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Journal of Diabetes Research
Volume 2018, Article ID 8964027, 7 pages
https://doi.org/10.1155/2018/8964027
Research Article

Risk Factors for Microvascular Complications of Diabetes in a High-Risk Middle East Population

1Institute for Population Health, Weill Cornell Medicine-Qatar, Education City, Qatar Foundation, P.O. Box 24144, Doha, Qatar
2Division of Epidemiology and Biostatistics, European Institute of Oncology, Milan, Italy
3Department of Internal Medicine, Hamad Medical Corporation, Doha, Qatar
4Department of Surgery and Department of Family Medicine, New York Medical College, Valhalla, NY, USA

Correspondence should be addressed to Sohaila Cheema; ude.llenroc.dem-rataq@5002cos

Received 23 October 2017; Revised 18 March 2018; Accepted 3 April 2018; Published 2 July 2018

Academic Editor: Daniela Foti

Copyright © 2018 Sohaila Cheema et al. This is an open access article distributed under the Creative Commons Attribution License, which permits unrestricted use, distribution, and reproduction in any medium, provided the original work is properly cited.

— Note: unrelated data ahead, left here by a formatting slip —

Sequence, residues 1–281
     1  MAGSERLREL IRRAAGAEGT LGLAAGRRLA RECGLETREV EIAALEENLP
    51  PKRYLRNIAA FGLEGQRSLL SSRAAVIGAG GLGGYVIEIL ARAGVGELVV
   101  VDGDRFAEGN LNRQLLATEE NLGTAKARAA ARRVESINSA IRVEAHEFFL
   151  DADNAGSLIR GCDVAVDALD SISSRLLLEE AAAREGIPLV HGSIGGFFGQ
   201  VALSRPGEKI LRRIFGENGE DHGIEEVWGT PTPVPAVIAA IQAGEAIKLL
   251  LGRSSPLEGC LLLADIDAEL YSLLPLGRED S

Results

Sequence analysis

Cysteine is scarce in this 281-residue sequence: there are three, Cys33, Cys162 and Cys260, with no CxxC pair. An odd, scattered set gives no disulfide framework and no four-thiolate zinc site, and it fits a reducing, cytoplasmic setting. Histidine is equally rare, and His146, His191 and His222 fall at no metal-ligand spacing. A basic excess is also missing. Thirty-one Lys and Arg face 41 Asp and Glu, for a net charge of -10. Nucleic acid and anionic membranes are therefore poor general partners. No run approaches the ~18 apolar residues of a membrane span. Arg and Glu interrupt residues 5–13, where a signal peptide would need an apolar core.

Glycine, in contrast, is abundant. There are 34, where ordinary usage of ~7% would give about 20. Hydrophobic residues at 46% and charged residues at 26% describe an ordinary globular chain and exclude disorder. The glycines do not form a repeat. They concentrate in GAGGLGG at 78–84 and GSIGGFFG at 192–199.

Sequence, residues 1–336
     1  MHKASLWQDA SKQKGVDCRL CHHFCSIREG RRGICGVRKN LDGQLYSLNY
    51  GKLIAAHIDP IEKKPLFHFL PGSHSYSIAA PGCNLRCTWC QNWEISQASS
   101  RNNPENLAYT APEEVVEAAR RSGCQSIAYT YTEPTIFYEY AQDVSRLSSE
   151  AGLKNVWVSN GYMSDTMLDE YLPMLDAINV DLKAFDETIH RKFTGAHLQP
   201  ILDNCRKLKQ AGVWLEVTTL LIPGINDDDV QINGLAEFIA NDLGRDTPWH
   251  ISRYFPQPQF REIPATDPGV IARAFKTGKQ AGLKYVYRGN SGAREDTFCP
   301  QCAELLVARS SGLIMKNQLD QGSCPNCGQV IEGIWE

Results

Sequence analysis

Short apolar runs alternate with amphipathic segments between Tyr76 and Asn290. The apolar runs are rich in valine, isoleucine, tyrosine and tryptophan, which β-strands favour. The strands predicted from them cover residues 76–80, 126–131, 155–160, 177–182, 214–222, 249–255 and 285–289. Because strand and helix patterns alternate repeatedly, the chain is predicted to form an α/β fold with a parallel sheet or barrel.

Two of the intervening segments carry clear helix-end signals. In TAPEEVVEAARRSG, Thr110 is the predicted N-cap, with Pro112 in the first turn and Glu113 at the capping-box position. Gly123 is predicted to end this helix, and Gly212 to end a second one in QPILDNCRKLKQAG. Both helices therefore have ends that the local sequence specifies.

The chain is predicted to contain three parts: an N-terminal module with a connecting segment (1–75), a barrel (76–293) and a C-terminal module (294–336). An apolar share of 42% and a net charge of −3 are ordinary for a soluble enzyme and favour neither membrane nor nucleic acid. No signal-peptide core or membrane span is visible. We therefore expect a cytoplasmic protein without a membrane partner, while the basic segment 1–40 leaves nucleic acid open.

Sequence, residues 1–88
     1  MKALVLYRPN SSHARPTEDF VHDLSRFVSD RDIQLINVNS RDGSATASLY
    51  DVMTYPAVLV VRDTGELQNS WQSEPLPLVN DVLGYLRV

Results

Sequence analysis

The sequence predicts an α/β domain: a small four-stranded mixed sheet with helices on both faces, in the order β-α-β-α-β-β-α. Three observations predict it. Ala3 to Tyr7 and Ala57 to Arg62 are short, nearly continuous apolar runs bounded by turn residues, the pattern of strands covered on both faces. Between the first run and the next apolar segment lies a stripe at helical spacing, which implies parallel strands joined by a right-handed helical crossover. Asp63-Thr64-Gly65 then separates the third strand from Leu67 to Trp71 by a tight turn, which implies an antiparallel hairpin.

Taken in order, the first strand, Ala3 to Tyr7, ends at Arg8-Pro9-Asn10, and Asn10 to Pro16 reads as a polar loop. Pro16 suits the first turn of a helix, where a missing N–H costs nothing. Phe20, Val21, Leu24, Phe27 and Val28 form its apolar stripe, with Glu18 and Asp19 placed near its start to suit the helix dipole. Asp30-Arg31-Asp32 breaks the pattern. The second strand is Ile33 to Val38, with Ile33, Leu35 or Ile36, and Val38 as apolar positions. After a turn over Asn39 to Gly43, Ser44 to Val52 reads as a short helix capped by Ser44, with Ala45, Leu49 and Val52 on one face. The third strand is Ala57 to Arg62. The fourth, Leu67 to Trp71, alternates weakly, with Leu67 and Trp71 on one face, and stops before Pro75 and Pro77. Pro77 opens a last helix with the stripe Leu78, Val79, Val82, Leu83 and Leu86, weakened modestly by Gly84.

Abstract

Aims. Much of the diabetes burden is caused by its complications. This cross-sectional study aimed to determine the prevalence and risk factors for diabetic microvascular complications (retinopathy, nephropathy, and neuropathy) in a high-risk population. Methods. We collected information via a structured questionnaire and directly from the patient’s record on 1034 adult type 2 diabetic patients who were attending outpatient clinics in Qatar. Results. The mean age of the patients was 55 ± 10 years, and the mean duration of diabetes was 12.4 ± 8.9 years. Forty-five percent had one or more microvascular complications. Shared risk factors for multiplicity and for individual complications included family history, severity and duration of diabetes, and hypertension, but some risk factors were specific for individual microvascular complications. Early age at onset of diabetes was strongly associated with multiplicity of complications (). Conclusions. About half the diabetics in this high-risk population had one or more microvascular complications. Several well-established risk factors were associated with multiplicity and individual microvascular complications, but each separate microvascular complication was linked to a somewhat different constellation of risk factors.